Here’s the PR you are talking about.

Book Review: So Good They Cant Ignore You

I recently completed reading So Good They Can’t Ignore You.

I would highly recommend the book, especially to students and professionals in early stage for their career.

I wanted to write a summary of the book for my reference. I ended up creating a flow chart instead. Here is the XML file generated using http://draw.io. Please feel free to edit and raise PR if you find something to improve.

Note that some loop completions and abstractions for simplification are my derivations and not necessarily directly mentioned in the book.

Introduction to Docker

Yesterday, I gave a full day training on Docker. It was a introductory level course covering basics of Docker and introducing tools like Docker Compose and Docker Swarm. I also demoed these features and conducted hands-on session.

I throughly enjoyed the process of preparation and delivering the training. I think I was able to communicate the material I had planned to deliver and was able to clear the doubts, concepts.

I made my slides as verbose as possible so that the students could follow the steps after the training also.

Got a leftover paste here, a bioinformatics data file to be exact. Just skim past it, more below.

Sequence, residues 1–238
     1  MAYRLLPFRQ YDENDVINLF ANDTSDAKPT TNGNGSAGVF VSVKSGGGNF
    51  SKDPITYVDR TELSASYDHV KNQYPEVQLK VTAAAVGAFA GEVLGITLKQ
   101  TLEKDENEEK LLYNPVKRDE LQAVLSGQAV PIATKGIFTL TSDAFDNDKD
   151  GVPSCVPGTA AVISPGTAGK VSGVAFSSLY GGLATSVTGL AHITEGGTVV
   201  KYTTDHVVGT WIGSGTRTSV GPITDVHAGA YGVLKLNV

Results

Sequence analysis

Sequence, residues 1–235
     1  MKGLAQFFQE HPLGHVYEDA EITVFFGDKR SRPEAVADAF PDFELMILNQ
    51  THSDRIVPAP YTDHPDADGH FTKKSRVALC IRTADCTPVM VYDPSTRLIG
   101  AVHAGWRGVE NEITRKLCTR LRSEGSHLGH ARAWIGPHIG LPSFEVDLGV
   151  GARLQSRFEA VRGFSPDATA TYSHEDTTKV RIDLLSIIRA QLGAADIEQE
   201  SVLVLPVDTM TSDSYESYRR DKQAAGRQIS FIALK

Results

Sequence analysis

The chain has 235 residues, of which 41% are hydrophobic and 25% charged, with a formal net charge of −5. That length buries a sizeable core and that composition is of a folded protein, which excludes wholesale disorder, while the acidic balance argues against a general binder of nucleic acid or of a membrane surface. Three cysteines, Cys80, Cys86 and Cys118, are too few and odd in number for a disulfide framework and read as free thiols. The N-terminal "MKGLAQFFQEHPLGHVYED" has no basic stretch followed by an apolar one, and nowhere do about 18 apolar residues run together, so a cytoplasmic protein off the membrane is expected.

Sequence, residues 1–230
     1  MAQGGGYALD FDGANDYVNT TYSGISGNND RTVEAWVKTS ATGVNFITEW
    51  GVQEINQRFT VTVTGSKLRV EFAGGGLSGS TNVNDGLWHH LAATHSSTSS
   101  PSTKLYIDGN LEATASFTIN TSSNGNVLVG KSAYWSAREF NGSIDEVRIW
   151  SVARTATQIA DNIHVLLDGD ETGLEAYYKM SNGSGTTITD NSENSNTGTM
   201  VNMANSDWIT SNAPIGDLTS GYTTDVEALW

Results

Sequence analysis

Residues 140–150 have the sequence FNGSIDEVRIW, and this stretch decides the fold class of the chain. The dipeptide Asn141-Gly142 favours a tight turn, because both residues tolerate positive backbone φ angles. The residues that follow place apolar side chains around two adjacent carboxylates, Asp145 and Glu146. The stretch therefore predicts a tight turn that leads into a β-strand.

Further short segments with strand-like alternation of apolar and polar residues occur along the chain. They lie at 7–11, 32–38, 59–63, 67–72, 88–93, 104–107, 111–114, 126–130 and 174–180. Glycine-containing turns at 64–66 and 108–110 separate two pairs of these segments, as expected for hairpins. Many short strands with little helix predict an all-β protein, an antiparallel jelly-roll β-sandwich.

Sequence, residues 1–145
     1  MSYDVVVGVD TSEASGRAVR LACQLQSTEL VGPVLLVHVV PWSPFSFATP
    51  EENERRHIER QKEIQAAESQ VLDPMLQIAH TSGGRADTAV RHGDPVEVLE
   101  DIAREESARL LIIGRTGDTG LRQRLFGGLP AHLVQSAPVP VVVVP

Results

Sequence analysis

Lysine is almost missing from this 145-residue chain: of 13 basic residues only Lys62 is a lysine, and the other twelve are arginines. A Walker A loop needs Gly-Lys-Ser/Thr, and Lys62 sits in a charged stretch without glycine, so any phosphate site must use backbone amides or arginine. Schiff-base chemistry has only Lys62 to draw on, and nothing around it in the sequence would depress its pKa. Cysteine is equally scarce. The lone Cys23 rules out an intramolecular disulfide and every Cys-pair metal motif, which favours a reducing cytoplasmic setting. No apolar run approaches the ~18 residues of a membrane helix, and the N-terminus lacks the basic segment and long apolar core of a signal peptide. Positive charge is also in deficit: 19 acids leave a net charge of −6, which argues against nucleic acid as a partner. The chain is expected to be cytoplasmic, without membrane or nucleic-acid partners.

Experience with reveal.js

  • This time I tried reveal.js based slides. I wanted something text based (preferably Markdown) format for preparing the presentation slides and reveal.js for perfect for it. I was able to prepare all my slides in single Markdown file.
  • reveal.js is easy to pick once you have initial setup ready and not expecting something fancy in your presentation slide (see below). I think I spent around 4-5 hours during my preparation in learning, setting up and researching reveal.js. So if you are on tight schedule, it might be a big distraction (its also lots of fun to play around with) and better to stick with tool you are already comfortable with.
  • reveal.js and Markdown were does not help you much with diagrams. I explored Typora, however it does not support drawing simple block diagrams (typical high level architectural diagrams) in it. And eventually you end up exporting the image file out of it and embedding it into your md file. I ended up creating/editing images myself.